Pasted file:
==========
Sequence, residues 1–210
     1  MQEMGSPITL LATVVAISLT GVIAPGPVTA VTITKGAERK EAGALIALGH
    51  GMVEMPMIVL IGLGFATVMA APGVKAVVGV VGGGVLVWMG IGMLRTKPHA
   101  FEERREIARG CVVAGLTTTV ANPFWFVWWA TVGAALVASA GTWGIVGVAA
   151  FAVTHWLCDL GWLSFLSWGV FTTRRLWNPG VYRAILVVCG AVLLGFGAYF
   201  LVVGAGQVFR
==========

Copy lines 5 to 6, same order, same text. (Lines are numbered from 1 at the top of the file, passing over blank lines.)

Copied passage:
   151  FAVTHWLCDL GWLSFLSWGV FTTRRLWNPG VYRAILVVCG AVLLGFGAYF
   201  LVVGAGQVFR